While Superstorm Sandy spared West Virginia the extreme damage that the New Jersey and New York coastline suffered, the storm damage and snow removal have cost the state $4 million and Secretary of Transportation Paul Mattox estimated total will rise to $6 million.
The clearing of trees, downed power lines and snow from highways has been completed for all but a few highways in the state. The storm closed parts of Interstate 68 and U.S. 219 and 250. Five deaths were also attributed to the storm, including a truck accident, falling tree limbs, heart attacks and hypothermia.
Secretary Mattox reported that only 16 secondary roads remained closed in rural areas. He noted that most of the damage was concentrated in the mountain areas.
The $6 million in total damage expected is less than half what was caused last summer by the derecho wind event. That caused $14 million in damage across the entire state. The state did receive reimbursement from FEMA for the devastation caused by the derecho.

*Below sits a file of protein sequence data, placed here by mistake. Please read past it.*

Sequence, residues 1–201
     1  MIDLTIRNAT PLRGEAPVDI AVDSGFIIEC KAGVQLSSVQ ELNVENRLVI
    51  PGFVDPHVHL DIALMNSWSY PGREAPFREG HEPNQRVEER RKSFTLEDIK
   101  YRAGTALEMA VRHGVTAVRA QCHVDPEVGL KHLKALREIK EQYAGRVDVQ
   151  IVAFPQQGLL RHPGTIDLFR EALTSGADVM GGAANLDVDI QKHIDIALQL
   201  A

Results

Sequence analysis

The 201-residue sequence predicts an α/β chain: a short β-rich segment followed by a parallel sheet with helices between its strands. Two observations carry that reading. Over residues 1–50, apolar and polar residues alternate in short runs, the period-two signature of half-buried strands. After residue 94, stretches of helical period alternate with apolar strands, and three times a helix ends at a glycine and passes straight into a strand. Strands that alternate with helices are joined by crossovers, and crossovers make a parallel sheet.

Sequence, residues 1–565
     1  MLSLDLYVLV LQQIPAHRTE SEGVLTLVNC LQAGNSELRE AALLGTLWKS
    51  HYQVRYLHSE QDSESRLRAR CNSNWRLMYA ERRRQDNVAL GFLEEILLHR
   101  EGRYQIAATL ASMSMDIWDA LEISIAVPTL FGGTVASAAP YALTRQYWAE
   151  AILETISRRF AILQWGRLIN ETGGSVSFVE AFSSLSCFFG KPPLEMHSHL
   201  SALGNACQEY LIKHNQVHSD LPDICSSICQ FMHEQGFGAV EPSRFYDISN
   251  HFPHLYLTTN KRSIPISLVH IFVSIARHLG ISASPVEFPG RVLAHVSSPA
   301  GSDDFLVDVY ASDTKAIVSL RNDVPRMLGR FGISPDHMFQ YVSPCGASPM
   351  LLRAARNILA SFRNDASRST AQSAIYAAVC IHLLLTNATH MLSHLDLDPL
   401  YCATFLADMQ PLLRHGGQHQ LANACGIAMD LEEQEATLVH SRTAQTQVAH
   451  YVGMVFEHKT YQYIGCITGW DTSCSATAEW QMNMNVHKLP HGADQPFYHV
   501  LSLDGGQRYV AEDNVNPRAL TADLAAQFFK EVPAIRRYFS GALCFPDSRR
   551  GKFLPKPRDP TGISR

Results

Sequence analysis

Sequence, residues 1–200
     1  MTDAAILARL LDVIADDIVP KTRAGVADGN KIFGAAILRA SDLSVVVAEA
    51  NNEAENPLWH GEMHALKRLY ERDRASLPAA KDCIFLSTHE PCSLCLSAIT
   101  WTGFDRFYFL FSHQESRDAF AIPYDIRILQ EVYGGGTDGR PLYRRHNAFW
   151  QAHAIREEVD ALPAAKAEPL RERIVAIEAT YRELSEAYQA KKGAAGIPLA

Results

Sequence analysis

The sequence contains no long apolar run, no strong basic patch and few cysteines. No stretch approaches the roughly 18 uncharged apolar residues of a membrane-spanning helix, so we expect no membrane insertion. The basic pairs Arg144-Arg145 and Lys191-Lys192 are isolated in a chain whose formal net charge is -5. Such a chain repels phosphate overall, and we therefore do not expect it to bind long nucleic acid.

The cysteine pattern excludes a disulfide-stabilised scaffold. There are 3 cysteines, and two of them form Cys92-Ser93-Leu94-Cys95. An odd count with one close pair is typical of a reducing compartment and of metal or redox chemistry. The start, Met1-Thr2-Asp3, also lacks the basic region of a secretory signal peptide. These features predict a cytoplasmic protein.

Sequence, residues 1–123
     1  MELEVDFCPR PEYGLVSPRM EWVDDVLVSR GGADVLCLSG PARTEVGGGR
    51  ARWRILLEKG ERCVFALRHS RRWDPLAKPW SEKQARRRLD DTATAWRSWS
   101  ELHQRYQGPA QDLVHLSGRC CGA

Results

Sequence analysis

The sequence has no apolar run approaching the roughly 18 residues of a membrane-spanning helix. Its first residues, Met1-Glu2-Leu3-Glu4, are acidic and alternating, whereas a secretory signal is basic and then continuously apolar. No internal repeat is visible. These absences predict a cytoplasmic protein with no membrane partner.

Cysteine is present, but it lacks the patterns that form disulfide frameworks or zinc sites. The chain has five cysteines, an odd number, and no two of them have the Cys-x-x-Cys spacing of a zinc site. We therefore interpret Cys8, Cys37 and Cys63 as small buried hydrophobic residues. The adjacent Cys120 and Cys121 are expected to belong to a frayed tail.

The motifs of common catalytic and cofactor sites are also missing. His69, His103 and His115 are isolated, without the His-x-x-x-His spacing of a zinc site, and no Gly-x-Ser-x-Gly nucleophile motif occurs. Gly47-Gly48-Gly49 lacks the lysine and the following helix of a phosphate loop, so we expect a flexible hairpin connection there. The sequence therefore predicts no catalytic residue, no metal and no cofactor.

Mattox expected that FEMA would provide some funds to cover the cost of snow removal from Sandy. He indicated that West Virginia should have ample funding to keep roads open this winter, and that there was extra salt and sand on hand from last year to keep roads safe this winter.
West Virginia escape flood damage from Sandy, but with an early snow fall, there is always the risk of flooding in mountain areas, which is especially a risk for vehicles. Never drive across flooded roads, as even large SUVs and pickups can be swept off a water-covered road.
Source: Charleston Daily Mail, "State spends millions on storm cleanup," Jared Hunt, November 6, 2012